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Cartoonist Bob Glover

What do we do on November 9?

By Ken Reynolds

 

As these words go to press we are a few days away from the climax of a far too lengthy presidential competition. A friend has asked me if this is the most contentious, most divisive and/or most depressing campaign in our nation's history.

I know of no definitive way to answer the question, except to refer to the 1860 campaign. But it was not the campaign, or the election, that was the problem; it was what we did and did not do after the voting. Knowing the history of other divisive contests is valuable for perspective, but historical perspective helps only if we heed what we learn.

After Lincoln won the presidency, a collective unwillingness to resolve the great basic weakness in our Constitution led to blood, death and scars that continue to cause pain. Yes, it is good to know, but far better to use the knowledge for a constructive purpose.

If the polls are correct—and private conversations convince me they are—the majority of the country has negative feelings about and is disappointed with both major party candidates. If most Americans are disappointed that the system did not produce better candidates, we are probably not going to be any less disappointed after November 8, although we may be relieved the less desirable candidate lost.

The election is a competition to choose one winner. However, one winner does not mean everyone, including the one who wins, cannot lose.

We can focus on the issues that unite us and go forward to a better future, or we can continue dividing into ever more bitter camps with hostility to the "other." There is only one logical outcome to continuing hostility. We tried that method in 1861, and without solving the problem we killed more than one-half million of our brothers, friends and neighbors.

It is equally important for both the winners and the losers to consider carefully their answer to a vital question: What am I, personally, going to do to make sure my country is all I believe it should be for my family, friends and neighbors—including those who avidly supported the losing candidate?

How we, individually and together, respond to the outcome of the election will influence our future more than which candidate wins.

There are countless other questions, but they each tie back to the vital one about our own individual actions after the election. In considering a course of action we might ask, what is wrong with the system that produced such undesirable results? It is tempting to say you can't fight city hall, but the presidential primary system is not city hall. It is private and a product of the political parties. If your voice does not matter to your own political party, what makes you think the party speaks for you? Or deserves your support?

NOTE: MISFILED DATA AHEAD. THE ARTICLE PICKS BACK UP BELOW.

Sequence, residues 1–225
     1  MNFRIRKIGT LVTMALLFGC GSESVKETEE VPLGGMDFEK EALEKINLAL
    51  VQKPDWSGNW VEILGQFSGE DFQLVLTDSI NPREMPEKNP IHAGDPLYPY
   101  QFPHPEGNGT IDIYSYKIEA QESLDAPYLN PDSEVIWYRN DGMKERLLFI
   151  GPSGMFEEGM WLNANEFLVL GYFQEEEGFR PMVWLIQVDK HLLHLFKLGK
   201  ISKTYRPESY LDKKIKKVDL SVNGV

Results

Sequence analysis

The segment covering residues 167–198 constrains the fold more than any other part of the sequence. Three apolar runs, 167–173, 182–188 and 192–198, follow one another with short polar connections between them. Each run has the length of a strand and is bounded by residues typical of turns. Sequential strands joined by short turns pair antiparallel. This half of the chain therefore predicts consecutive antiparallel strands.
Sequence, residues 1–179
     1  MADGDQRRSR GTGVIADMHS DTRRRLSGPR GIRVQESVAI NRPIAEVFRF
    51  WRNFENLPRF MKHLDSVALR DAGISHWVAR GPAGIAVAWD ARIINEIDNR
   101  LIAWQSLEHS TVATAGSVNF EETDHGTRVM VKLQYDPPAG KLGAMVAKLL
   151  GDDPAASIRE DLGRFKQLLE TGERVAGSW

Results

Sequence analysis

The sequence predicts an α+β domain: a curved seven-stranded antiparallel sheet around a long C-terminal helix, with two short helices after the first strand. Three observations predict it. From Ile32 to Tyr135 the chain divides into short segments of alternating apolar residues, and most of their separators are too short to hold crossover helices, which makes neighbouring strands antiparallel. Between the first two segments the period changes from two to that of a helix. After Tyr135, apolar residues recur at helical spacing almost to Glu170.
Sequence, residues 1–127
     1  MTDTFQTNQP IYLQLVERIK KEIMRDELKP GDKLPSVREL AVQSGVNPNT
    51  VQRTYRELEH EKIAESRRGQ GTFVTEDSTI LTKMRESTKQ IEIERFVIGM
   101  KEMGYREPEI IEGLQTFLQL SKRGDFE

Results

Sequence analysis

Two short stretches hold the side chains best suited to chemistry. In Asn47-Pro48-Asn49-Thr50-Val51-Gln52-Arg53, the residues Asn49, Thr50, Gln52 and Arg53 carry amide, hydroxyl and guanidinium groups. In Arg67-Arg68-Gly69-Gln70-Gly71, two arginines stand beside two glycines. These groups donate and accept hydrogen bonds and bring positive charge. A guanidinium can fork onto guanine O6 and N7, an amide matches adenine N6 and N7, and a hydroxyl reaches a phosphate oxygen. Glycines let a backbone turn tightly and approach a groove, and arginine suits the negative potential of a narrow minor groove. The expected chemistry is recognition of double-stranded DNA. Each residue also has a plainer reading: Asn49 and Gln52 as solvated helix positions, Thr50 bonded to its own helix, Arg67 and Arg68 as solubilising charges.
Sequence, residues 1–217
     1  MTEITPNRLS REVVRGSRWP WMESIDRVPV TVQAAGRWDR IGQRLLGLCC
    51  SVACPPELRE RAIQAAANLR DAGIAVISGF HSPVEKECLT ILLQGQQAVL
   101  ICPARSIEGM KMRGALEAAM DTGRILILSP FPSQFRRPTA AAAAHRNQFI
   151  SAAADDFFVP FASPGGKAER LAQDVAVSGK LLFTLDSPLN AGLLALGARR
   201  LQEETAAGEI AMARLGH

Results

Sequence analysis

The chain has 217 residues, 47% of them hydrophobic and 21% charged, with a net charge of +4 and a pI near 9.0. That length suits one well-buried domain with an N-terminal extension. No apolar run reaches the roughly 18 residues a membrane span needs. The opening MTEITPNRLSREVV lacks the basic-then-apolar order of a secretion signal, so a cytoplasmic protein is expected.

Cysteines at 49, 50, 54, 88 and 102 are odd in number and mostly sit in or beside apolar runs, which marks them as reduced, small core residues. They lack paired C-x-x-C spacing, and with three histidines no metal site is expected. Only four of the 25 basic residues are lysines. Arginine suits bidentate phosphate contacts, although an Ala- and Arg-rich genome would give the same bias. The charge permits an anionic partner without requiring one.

Members of both parties are rightly concerned about the widespread, growing and seemingly recalcitrant discontent on the extremes of the right and the left. As much as I may long for the post WWII personal tranquility of my school and college days, I recognize the world has changed and will continue to change. More importantly, I have learned the tranquility of my life was personal and it did not apply to a significant percentage of the people in my little town.

We may want things to be good again, but the definition of good keeps changing as each new generation puts their own improvements in place.

The world shifted on September 11, 2001. It had changed before that horrendous day, but most Americans were insulated and did not feel it. Today, we face far greater dangers than Republicans or Democrats.

One danger comes from forces beyond our borders who want to destroy us. Internally, danger comes from individuals and groups who abuse our freedoms and laws to their own benefit, while driving more individuals towards the extremes.

Our system of government is still fragile. The founders tried to limit the influence of factions, but they could not have foreseen the changes in transportation and communications the world has lived through since the 18th Century. Factions and single-issue interests can and do attract larger audiences and more supporters than our founders could have imagined.

Promising simple fixes to people who feel left out, on the left or the right generates unrest and expectations of easy fixes. Such appeals may be popular and garner votes, but there are no easy fixes.

We cannot let our internal divisions make us more vulnerable to the external dangers. Each of us, individually and together, must put America before party and before personal interest. We have to heal ourselves and our government. We cannot survive otherwise.

 

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